Thursday, January 16, 2014

An economist walks into a bar...

First, HOLY COW IT'S BEEN A WHILE. Well, that's what having a baby will do to you, I suppose. That, and Twitter. I'm still recovering, but in the meantime, I'll be posting some short stuff I wrote that didn't, for whatever reason, end up in print. Some of it is...old. But still fun! Enjoy.


Nathan E. Science

Liquor is big business in the U.S., and with drunk drivers involved in about 40 percent of traffic fatalities, it’s also a serious public health threat. Acting on the assumption that drinking leads to increasingly risky decisions, many states prohibit happy hours or serving alcohol to clearly intoxicated people. But is the “more liquor, worse choices” axiom correct?

To find out, a team of economists armed with a breathalyzer and a laptop headed to a bar in New York’s Lower East Side. Once there, they asked 317 men and women of varying inebriation to make different bar-oriented decisions—between different combinations of sliders and dumplings, or between different cash lotteries—all the while looking for subtle inconsistencies in their subjects’ choices. Remarkably, even stumbling-drunk participants made sensible choices. The main exception: as they drank more, women became slightly more comfortable taking risks when choosing between lotteries.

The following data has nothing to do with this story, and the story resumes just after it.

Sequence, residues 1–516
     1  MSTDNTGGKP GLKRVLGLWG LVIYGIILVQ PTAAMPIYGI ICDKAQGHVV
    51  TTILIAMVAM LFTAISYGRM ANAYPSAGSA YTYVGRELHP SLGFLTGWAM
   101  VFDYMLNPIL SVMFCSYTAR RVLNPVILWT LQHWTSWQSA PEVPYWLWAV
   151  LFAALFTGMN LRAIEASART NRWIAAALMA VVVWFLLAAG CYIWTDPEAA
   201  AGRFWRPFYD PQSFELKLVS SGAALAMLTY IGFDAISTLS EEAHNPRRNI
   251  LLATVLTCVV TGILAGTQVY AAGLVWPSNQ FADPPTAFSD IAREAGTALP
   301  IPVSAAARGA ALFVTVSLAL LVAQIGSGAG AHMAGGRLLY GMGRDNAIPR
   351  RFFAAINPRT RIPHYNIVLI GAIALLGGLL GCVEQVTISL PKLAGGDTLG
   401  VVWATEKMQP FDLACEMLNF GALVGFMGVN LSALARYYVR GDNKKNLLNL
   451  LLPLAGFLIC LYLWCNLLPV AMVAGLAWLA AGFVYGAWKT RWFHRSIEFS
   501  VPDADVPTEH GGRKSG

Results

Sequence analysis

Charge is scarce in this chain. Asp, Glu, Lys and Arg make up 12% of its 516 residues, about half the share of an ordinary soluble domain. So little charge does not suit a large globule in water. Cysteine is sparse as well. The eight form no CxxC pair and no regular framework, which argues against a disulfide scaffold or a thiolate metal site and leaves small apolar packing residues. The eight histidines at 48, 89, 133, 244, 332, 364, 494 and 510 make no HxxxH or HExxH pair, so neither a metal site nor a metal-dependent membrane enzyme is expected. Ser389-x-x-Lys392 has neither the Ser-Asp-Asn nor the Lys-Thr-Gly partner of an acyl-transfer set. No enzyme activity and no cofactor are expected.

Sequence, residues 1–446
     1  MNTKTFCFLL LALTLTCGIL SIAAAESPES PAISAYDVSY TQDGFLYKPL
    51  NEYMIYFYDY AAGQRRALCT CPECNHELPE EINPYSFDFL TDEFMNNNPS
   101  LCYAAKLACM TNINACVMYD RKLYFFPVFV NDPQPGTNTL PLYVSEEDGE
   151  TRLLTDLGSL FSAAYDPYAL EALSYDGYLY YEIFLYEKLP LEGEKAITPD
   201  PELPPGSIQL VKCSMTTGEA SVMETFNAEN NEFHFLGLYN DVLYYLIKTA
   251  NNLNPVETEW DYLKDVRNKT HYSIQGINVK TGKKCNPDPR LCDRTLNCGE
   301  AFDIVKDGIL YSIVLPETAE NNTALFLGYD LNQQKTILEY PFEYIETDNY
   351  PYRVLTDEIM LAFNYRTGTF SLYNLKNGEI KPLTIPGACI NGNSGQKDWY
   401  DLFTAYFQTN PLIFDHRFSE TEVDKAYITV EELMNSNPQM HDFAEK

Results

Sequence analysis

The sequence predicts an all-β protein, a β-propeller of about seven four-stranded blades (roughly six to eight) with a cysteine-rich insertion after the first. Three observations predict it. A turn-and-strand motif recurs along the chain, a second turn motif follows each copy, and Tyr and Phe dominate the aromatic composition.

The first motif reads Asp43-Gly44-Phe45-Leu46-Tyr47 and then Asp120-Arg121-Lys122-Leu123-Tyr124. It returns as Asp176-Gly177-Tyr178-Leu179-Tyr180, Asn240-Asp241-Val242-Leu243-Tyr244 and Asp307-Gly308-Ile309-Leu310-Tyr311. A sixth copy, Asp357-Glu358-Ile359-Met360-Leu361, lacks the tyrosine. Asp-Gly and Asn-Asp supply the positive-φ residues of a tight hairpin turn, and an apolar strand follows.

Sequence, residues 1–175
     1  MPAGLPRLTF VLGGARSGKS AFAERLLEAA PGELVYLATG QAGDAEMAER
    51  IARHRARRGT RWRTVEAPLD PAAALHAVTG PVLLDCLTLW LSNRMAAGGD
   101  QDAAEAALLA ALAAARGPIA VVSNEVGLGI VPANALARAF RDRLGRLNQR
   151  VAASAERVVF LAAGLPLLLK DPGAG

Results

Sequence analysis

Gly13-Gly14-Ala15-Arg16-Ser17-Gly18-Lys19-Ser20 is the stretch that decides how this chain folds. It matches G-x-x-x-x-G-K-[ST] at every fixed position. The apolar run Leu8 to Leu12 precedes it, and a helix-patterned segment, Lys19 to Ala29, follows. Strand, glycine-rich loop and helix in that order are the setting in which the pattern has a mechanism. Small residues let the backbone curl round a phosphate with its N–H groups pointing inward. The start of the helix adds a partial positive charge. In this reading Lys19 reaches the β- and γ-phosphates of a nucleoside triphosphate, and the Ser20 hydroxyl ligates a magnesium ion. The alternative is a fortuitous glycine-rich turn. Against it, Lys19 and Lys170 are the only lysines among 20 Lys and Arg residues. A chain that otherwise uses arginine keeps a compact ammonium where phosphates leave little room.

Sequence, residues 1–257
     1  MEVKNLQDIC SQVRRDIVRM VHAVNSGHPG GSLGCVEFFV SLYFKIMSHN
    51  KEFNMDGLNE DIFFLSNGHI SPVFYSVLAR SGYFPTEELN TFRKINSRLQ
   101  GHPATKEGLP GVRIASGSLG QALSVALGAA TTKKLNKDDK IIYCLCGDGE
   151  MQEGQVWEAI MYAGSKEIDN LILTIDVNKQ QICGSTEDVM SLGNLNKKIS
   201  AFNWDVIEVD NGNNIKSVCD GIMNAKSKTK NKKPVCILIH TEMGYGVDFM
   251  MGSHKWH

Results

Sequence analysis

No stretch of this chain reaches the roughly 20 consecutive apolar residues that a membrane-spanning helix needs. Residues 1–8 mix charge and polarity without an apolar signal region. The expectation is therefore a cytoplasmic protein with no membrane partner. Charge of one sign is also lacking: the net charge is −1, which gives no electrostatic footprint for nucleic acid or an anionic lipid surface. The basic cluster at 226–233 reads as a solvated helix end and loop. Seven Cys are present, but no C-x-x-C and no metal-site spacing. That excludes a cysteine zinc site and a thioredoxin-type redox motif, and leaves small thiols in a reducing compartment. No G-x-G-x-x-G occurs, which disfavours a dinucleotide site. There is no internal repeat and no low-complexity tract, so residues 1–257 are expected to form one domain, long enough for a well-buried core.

If confirmed by further experiments, the results suggest that efforts to curb drunk driving or other negative consequences of drinking should focus on making better decisions while drinking rather than on discouraging drinking in the first place. The paper appeared last June in the Journal of Risk and Uncertainty.

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